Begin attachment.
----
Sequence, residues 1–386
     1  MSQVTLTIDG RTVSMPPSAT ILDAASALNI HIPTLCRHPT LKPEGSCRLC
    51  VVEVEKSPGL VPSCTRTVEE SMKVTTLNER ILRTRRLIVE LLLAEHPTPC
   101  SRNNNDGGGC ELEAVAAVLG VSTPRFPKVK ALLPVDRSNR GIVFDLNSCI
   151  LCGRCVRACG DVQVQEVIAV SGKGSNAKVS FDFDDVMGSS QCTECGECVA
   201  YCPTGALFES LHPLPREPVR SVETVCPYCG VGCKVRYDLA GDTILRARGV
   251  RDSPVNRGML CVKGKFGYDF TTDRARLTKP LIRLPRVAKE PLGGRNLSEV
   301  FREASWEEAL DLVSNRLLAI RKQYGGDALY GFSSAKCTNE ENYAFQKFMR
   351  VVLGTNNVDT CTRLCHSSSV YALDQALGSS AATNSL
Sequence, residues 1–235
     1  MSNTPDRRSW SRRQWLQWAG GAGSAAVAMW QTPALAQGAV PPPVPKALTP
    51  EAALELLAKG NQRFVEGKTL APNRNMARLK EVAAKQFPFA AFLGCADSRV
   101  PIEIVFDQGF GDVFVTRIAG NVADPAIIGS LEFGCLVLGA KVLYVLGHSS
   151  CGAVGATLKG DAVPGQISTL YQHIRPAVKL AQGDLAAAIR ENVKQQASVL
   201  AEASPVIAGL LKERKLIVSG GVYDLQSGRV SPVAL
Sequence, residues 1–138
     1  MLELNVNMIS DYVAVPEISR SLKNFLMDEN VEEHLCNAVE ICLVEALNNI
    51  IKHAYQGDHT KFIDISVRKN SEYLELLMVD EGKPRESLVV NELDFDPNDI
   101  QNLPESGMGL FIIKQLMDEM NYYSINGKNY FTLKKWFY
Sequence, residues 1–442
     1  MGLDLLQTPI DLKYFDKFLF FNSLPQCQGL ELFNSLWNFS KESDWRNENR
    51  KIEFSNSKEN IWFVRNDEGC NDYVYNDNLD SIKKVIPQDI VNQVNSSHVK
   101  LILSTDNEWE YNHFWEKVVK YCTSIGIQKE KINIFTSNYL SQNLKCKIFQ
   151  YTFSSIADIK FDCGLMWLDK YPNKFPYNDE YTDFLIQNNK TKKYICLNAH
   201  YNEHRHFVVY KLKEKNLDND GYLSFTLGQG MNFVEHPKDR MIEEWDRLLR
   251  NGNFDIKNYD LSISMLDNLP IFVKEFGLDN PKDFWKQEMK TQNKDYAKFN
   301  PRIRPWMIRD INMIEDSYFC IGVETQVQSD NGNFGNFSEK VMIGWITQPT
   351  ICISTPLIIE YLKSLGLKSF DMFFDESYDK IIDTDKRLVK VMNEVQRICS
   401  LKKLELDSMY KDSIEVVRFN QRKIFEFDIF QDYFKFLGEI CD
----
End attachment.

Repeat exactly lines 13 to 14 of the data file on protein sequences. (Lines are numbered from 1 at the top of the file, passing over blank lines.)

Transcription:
   101  PIEIVFDQGF GDVFVTRIAG NVADPAIIGS LEFGCLVLGA KVLYVLGHSS
   151  CGAVGATLKG DAVPGQISTL YQHIRPAVKL AQGDLAAAIR ENVKQQASVL